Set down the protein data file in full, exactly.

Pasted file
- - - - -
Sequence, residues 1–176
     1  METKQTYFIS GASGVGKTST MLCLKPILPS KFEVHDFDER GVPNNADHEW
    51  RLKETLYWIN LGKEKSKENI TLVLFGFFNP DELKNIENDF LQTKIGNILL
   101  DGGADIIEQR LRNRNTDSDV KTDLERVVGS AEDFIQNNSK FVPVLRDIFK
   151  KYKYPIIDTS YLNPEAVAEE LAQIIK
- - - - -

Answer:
Sequence, residues 1–176
     1  METKQTYFIS GASGVGKTST MLCLKPILPS KFEVHDFDER GVPNNADHEW
    51  RLKETLYWIN LGKEKSKENI TLVLFGFFNP DELKNIENDF LQTKIGNILL
   101  DGGADIIEQR LRNRNTDSDV KTDLERVVGS AEDFIQNNSK FVPVLRDIFK
   151  KYKYPIIDTS YLNPEAVAEE LAQIIK